More about the Presentation Icon. The use of reversed perspective is clearly shown in the above icon of the Presentation or Meeting of the Lord in the Temple on the 40th day after His birth, as recorded in St. Luke’s Gospel. The Lord is being presented with the required offering, in accordance with Jewish tradition, while the Elder Simeon is meeting Him and is about to take Him in his arms. The highly stylized portrayal of the temple and the steps leading up into it get larger as they recede from the viewer (reversed perspective), which is the reverse of the way we see with our outer eyes, the imitation of which is called “Renaissance perspective.” The stylized canopy on its 4 pillars in the upper left symbolizes the holy place or sanctuary that is at the center of the Jerusalem Temple, and thus further indicates that a theophany is occurring, or a meeting between God and man. The red curtain draped across the top indicates that the event occurred inside the building. (See more about this below in the Annunciation icon.)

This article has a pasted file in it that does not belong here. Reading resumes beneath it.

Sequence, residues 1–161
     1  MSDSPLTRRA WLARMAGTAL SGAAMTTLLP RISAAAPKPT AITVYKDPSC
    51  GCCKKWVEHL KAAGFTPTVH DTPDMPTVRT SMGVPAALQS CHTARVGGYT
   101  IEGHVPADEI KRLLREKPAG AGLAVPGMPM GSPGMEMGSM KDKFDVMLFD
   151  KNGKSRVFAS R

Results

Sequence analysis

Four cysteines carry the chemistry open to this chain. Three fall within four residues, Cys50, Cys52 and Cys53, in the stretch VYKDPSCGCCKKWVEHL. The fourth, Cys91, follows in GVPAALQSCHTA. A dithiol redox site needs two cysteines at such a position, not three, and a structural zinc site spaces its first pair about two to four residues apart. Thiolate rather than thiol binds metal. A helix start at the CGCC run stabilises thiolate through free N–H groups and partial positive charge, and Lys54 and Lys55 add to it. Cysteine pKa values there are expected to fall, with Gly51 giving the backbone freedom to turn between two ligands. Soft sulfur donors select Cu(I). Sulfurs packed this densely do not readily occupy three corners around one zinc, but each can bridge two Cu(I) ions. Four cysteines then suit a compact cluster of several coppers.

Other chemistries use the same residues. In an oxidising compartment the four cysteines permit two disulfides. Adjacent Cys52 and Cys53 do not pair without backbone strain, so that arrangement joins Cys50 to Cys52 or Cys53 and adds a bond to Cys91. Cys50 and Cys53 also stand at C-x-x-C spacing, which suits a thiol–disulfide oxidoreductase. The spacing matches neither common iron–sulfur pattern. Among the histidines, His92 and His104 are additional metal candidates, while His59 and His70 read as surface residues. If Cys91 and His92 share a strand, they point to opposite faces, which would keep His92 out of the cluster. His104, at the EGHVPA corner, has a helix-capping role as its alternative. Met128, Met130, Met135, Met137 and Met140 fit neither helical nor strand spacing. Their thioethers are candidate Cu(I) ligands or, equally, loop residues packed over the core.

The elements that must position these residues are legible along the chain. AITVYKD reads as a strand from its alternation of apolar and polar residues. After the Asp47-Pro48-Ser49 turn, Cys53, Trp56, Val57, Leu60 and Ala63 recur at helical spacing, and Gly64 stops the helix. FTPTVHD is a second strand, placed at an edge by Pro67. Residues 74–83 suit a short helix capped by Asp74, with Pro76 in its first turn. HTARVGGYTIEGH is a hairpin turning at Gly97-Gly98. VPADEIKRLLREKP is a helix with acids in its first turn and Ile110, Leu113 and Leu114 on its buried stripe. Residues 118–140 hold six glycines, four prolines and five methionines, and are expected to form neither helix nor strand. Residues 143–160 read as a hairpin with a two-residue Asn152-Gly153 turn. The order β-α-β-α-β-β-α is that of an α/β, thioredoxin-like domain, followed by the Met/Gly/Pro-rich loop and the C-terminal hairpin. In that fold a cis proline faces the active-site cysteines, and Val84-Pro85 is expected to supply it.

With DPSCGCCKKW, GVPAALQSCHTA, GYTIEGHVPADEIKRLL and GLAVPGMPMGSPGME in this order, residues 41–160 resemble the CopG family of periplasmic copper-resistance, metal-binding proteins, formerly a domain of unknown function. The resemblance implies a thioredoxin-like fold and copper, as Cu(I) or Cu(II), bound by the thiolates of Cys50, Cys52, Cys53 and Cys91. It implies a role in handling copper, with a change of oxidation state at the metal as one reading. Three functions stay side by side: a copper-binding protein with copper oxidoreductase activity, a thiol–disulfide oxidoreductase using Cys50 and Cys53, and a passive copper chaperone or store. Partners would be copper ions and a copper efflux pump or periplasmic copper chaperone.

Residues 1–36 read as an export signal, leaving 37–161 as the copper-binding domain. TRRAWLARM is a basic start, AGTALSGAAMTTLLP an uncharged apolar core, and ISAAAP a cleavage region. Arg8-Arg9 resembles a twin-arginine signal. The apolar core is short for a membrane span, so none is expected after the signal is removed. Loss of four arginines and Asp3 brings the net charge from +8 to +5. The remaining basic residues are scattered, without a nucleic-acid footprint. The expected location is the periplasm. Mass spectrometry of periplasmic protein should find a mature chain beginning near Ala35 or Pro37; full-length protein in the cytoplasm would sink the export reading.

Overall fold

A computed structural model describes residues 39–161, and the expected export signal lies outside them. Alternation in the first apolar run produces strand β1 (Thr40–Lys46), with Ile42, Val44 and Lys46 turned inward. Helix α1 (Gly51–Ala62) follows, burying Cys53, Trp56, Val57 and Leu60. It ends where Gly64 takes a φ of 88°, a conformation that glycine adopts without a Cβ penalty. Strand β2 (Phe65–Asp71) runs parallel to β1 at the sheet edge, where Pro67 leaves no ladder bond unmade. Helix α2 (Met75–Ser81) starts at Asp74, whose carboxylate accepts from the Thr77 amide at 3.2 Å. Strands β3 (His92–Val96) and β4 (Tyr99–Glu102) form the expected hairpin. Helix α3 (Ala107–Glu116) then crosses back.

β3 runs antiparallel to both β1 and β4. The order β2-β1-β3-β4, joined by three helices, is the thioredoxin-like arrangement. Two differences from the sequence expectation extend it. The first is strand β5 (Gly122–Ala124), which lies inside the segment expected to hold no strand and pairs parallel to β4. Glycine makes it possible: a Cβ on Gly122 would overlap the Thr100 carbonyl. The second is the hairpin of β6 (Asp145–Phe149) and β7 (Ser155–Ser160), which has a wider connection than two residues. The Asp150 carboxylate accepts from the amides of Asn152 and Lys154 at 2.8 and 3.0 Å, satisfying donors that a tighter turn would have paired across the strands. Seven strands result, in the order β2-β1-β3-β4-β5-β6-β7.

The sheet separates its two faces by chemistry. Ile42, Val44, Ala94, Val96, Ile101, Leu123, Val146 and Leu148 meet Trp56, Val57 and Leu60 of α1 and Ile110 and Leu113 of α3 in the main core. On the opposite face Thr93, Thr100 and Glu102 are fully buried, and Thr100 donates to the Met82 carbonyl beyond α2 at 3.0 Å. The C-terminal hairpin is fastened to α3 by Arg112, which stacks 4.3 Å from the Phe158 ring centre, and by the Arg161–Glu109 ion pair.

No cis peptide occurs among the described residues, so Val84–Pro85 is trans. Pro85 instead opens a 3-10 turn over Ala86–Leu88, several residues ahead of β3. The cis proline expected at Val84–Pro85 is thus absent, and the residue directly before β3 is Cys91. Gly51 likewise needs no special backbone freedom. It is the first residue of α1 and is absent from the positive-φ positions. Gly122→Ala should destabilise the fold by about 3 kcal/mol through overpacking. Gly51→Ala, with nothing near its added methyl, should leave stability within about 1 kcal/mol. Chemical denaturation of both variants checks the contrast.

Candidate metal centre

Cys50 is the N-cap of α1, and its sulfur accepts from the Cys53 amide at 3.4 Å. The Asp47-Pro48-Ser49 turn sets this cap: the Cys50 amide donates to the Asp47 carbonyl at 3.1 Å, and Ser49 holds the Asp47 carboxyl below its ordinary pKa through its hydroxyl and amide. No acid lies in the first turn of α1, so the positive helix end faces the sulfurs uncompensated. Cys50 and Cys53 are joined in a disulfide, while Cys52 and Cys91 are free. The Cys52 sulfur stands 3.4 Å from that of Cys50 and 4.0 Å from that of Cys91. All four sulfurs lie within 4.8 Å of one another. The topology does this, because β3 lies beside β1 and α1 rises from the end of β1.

Another example that shows “reversed perspective” is St. Andrei Rublev’s famous icon, The Holy Trinity, (dating from approximately 1423), where we see the two thrones and footstools getting larger as they recede. The overall composition enhances this perspective by being narrow at the bottom (at the feet), angled diagonally up and out so that the fullness of the composition is not at the front, but at the rear of the pictorial space.

Sometimes people mistake the non-illusionistic use of perspective as lack of knowledge of how to paint “properly.” However, Rublev demonstrates that he does know how to use Renaissance illusionistic perspective in his treatment of the peculiar rectangular inset into the front of the altar-table, immediately under the chalice with the Eucharistic Lamb. We can only speculate about why he included this unusual inset. In the context of our present considerations, however, it might be regarded as a symbolic reminder that windows are used in two ways. Whereas the icon itself is a vision of Reality “looking out” at us, the peculiar inset might remind us that we are also there “looking in,” occasionally getting glimpses of Ultimate Reality, rather like looking at a ball-game through a tiny hole in the fence?

3. The Use of Light in Icons